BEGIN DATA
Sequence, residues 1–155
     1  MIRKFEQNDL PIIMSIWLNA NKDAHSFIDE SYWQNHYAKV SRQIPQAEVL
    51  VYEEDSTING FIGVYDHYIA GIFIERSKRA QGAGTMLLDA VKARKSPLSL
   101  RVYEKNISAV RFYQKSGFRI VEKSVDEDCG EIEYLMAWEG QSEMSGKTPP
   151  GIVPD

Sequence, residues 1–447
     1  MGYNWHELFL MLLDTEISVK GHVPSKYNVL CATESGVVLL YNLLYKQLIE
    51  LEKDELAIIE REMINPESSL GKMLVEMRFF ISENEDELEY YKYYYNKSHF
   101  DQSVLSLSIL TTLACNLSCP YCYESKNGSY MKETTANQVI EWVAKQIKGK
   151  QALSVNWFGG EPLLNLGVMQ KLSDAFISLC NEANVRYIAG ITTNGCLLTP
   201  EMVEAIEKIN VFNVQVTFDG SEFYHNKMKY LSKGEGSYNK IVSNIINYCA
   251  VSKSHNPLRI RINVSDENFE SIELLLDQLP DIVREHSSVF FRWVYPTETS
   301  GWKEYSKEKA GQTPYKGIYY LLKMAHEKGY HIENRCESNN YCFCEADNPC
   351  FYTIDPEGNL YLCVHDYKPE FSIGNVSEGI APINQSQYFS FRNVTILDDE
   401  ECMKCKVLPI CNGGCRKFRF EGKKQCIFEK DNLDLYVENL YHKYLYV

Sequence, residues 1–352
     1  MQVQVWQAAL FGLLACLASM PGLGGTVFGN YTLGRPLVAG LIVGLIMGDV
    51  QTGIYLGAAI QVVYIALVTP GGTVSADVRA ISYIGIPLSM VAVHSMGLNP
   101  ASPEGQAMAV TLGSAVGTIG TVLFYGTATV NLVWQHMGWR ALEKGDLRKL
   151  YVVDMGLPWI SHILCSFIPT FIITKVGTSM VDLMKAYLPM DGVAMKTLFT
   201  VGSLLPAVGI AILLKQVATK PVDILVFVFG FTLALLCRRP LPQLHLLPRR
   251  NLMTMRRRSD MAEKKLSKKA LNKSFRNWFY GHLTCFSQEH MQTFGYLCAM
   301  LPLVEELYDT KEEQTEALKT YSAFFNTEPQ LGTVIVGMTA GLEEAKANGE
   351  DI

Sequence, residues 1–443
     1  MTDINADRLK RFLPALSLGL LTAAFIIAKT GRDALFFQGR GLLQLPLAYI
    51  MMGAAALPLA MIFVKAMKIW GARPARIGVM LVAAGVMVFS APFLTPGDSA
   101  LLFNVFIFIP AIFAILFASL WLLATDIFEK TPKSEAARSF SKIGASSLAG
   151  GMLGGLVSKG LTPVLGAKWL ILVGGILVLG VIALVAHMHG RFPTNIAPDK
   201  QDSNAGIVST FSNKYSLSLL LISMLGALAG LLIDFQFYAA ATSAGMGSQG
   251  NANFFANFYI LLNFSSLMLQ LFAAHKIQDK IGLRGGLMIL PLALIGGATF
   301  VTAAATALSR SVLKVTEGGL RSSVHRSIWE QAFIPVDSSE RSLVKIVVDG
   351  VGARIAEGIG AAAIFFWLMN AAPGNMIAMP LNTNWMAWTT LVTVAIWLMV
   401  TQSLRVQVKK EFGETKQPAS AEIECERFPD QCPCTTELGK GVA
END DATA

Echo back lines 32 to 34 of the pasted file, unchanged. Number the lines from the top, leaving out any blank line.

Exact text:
   301  VTAAATALSR SVLKVTEGGL RSSVHRSIWE QAFIPVDSSE RSLVKIVVDG
   351  VGARIAEGIG AAAIFFWLMN AAPGNMIAMP LNTNWMAWTT LVTVAIWLMV
   401  TQSLRVQVKK EFGETKQPAS AEIECERFPD QCPCTTELGK GVA